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Mnangagwa admits land reform programme destroyed timber forests

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By Bulawayo Correspondent


PRESIDENT Emmerson Mnangagwa Thursday made a rare admission government’s land reform programme, undertaken since 2000, destroyed forests and timber plantations which were a key source of foreign currency for the troubled country.

The national leader was responding to questions from the floor during the Zim Trade Annual Exporters conference held in Bulawayo.

“We used to be net exporter of timber. Somehow, we lost vigilance in that regard. Most of our timber estates have been vandalised,” Mnangagwa said.

The President had been asked to comment on the sustainability of the country’s timber industry following the chaotic episodes.

Mnangagwa said his government has since crafted policies to resuscitate the lucrative sector.

“We have now instituted policies to resuscitate them (estates) but it takes quite some time to be back to the levels we were before the devastation occurred,” he said.

“We have taken cognisance of the need to protect the existing timber forests by creating a policy to promote the growing of timber directly supported by government.

“So, we believe the journey might be long but we will achieve our goals so that Zimbabwe can be a net exporter of timber. We have got excellent timber in the country.”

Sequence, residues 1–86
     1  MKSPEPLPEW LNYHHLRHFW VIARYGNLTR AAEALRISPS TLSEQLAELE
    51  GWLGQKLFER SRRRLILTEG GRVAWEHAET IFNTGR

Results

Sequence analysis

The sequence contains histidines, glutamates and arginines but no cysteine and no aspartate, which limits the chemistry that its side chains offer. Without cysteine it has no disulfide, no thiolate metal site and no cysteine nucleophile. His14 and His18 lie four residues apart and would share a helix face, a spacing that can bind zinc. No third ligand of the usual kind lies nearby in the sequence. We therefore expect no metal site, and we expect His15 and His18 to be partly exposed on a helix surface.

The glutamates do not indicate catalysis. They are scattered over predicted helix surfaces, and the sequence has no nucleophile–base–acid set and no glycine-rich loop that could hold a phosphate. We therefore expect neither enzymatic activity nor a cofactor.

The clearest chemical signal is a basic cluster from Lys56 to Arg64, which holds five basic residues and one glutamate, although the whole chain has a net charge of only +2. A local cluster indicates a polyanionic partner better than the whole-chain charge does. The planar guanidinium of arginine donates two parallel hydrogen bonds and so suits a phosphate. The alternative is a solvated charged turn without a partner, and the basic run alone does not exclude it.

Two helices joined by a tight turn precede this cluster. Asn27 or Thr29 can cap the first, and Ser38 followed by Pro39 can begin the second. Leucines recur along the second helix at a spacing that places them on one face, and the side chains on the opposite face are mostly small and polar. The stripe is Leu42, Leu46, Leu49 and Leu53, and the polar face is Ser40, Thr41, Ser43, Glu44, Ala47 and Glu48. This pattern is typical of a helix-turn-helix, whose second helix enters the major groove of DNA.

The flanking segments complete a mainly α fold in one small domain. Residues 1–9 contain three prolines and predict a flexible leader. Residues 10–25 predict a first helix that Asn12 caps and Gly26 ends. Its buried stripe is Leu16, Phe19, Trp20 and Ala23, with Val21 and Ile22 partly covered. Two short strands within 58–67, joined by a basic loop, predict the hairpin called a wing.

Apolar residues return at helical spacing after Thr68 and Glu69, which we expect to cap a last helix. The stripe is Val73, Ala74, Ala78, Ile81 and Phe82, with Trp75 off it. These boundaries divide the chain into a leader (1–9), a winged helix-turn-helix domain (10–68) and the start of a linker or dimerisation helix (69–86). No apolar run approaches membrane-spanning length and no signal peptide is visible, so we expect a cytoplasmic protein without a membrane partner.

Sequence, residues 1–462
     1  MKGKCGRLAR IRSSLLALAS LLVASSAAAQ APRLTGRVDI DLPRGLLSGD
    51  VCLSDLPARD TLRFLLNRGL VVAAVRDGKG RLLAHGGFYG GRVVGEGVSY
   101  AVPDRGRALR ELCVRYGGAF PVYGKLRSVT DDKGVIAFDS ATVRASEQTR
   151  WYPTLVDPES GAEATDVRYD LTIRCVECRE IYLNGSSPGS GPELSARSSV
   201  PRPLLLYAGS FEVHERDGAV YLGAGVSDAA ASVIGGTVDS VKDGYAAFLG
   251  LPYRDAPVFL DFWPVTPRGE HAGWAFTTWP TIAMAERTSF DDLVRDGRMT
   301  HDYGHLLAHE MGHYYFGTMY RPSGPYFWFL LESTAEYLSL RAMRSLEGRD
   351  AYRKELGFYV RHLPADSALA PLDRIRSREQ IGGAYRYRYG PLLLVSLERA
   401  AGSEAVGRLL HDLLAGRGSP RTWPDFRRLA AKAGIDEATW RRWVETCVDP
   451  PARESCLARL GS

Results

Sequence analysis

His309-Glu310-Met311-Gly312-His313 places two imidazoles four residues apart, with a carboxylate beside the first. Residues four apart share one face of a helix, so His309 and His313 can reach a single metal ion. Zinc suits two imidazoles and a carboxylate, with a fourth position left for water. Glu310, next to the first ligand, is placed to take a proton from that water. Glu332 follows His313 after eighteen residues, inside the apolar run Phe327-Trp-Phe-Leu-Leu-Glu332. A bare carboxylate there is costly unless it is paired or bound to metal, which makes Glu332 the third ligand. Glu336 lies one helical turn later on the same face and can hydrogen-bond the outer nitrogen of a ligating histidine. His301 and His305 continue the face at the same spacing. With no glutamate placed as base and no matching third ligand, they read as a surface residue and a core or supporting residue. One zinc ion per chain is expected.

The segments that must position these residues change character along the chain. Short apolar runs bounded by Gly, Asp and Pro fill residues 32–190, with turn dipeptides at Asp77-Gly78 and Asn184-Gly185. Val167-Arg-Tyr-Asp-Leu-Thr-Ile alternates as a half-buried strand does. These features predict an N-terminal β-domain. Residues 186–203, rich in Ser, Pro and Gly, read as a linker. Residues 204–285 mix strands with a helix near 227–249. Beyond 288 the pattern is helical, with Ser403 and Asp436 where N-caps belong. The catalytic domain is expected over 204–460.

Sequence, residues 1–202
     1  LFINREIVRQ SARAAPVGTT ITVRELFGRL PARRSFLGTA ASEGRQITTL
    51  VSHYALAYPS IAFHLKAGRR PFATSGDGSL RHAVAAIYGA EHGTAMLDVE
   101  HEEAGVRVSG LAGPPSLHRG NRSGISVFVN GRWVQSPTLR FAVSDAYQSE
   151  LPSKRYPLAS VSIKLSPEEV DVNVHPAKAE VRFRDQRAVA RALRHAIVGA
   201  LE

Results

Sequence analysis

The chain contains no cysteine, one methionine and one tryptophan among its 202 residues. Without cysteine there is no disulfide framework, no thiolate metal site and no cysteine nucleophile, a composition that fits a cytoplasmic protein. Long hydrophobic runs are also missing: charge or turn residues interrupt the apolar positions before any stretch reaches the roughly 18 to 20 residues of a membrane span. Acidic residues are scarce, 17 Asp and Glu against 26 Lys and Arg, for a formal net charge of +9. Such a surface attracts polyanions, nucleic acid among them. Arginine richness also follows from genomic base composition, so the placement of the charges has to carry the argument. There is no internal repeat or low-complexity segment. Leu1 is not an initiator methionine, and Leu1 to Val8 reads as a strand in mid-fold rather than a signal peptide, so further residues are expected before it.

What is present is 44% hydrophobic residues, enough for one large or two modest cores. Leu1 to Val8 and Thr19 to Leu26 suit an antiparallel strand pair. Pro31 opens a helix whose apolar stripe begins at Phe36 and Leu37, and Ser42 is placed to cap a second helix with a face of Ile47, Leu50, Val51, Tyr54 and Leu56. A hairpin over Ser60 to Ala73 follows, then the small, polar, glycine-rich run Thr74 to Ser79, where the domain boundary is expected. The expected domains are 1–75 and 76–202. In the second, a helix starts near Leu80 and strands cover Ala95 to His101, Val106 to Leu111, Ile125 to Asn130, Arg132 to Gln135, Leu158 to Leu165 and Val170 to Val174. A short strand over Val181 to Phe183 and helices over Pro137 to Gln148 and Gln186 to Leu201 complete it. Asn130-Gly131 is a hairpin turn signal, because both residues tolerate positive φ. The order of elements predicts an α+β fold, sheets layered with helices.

Zimbabwe’s leading timber producing companies were plunged into serious viability challenges when the Zanu PF led government allowed hordes of villagers in the countryside to invade tracts of timber forests under the guise of correcting inverse land imbalances brought about by nearly a century of colonisation.

Apart from destroying valuable timber for agricultural purposes, some of the settlers have been accused of illegally harvesting timber from the plantations using mobile bush mills.

According to an estate manager at Border Timbers’ Charter estate, about 2,500 hectares of land has been illegally taken over by villagers who have shared among themselves acres of land.

Government has insisted on various fora that no future land compromises would reverse the land reform, let alone restore the pre-2000 land ownership patterns.

Since the land reform process, Zimbabwe has struggled for economic stability with the country hurtling through enduring periods of economic strain.